Problematic Dieting in Children Can Predict Obesity and High Blood Pressure

problematic

Eating patterns of 11.5-year-old children were assessed. Those who demonstrated problematic eating behaviours in an attempt to lose weight were more likely to develop complications in cardiometabolic health at 16 years old.

 

Adolescents are commonly involved in dieting as part of a weight loss regimen, often through unhealthy eating patterns. Problematic eating behaviours include very low-calorie diets, skipping meals, using diet supplements as well as extreme methods of weight control such as induced vomiting, laxatives, and fasting. According to previous findings, adolescents and young adults who were clinically diagnosed with anorexia or bulimia nervosa are more likely to develop reduced cardiovascular function and cardiac complications. Likewise, binge-eating disorder is also associated with higher blood pressures and higher risk of cardiovascular disease. The long-term effects of problematic eating behaviours in early adolescents towards cardiometabolic health remained unclear until a recent study published by the American Journal of Clinical Nutrition was conducted.




The study consisted of 13 557 children enrolled in the Promotion of Breastfeeding Intervention Trial (PROBIT) conducted in Belarus with follow-ups occurring at age 1 y, 6.5 y, 11.5 y, and 16 y. To assess problematic eating, the children completed a questionnaire at age 11.5 y that asked about food preoccupation, peer and media pressure about eating, weight and body image, dieting, purging, and food restriction. At age 11.5 y and 15 y, the children’s blood pressures, weight, height, and body fat were measured in order to calculate body mass indices and fat mass indices.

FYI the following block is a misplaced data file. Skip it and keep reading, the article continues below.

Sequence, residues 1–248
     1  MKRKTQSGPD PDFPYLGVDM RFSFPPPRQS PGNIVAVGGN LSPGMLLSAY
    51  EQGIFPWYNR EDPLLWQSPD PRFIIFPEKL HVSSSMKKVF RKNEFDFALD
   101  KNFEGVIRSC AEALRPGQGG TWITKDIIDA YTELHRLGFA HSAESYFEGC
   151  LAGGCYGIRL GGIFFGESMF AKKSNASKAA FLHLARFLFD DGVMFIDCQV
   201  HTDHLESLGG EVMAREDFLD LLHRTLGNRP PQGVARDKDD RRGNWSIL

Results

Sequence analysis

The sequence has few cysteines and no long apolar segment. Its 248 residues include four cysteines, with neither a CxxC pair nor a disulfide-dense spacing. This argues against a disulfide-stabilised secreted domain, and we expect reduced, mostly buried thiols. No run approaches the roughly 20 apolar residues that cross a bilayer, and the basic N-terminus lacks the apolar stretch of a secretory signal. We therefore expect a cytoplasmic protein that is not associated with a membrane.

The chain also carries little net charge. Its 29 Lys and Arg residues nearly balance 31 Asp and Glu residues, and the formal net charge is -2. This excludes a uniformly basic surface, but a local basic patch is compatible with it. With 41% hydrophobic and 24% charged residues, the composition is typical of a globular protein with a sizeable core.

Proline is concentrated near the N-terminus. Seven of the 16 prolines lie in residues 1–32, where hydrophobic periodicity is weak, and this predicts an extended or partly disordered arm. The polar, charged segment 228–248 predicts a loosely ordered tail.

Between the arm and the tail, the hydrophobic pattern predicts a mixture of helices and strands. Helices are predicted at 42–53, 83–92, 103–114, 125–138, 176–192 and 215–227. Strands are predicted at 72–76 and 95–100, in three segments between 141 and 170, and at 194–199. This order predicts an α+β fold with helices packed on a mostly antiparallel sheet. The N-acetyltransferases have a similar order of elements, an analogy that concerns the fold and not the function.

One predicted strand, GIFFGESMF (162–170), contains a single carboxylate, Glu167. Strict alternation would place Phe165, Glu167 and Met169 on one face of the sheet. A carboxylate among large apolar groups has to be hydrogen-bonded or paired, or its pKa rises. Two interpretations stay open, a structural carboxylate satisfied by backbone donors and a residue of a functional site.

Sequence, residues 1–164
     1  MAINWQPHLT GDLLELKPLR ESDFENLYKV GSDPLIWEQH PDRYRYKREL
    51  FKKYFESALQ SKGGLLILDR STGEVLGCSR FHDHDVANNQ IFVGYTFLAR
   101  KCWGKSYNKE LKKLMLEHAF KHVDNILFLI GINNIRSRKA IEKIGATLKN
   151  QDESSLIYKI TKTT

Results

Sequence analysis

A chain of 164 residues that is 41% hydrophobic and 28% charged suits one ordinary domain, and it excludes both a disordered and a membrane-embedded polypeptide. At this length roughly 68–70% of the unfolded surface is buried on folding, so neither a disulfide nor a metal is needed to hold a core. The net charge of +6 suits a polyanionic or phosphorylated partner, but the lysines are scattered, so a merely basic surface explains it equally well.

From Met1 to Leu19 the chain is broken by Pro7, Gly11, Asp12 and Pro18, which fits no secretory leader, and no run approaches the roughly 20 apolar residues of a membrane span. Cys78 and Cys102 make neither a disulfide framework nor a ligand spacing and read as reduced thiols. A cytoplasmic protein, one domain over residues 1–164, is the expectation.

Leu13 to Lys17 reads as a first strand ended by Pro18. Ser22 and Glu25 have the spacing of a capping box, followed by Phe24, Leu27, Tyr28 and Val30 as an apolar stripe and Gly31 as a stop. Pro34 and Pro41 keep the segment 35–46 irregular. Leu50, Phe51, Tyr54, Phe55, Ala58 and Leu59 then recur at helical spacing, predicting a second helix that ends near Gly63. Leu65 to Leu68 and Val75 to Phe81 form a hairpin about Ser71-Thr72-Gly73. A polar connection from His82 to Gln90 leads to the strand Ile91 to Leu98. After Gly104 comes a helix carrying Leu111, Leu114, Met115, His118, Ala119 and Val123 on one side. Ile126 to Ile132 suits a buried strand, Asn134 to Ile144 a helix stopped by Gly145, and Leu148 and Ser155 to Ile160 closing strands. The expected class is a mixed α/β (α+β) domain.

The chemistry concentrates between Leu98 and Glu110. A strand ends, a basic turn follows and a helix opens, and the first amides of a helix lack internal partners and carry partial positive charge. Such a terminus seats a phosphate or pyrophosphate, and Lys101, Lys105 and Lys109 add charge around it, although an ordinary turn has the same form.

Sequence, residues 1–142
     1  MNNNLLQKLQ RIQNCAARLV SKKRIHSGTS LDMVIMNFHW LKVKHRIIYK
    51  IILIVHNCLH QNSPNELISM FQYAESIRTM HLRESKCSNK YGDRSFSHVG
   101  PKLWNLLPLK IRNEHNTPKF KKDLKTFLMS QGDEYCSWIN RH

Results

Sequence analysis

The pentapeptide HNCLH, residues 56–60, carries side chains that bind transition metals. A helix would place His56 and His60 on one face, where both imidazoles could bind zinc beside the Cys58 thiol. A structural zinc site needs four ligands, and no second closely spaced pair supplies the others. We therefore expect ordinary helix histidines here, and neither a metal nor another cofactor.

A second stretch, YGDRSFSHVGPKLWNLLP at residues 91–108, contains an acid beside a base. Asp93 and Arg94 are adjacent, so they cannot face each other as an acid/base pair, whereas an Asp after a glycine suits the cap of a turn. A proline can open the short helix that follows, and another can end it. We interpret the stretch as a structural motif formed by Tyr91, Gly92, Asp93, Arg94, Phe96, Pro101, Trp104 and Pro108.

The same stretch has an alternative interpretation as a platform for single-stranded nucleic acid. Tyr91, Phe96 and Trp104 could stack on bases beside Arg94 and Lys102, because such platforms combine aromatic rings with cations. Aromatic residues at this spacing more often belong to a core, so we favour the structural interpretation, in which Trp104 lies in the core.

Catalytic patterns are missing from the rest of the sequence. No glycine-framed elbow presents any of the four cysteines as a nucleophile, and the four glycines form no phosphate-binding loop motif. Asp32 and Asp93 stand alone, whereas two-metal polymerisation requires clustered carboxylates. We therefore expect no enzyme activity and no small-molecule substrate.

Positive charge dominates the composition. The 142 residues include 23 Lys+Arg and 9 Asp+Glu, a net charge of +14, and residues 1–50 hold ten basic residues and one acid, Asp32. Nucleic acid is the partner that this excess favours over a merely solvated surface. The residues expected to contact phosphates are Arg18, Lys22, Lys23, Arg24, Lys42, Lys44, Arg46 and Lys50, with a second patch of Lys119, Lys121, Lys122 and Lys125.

After statistical analyses, results showed that problematic eating behaviours at age 11.5 y strongly predicted new-onset obesity, high blood pressure and high fat mass index at age 16. These results remained significant despite the socioeconomic background. The data also suggested that adiposity in early life, based on the body mass indices obtained at age 6.5 y, may be an underlying cause of problematic eating attitudes, which in turn predicts future cardiovascular risks and further weight gain. Researchers proposed that these dieting behaviours develop as overweight children enter the socially sensitive teenage years as a response to control weight.

These findings have potentially beneficial public health and clinical implications. For instance, these findings motivate the development and testing of interventions that are potentially effective in addressing problematic eating attitudes. Also, health professionals will be made aware of the long-term effects of problematic eating attitudes in children so that obesity can be prevented in later life. However, more similar studies are necessary to clearly establish the complex associations between eating attitudes and cardiometabolic health.

 

 

 

Written By: Kim Gotera, BMSc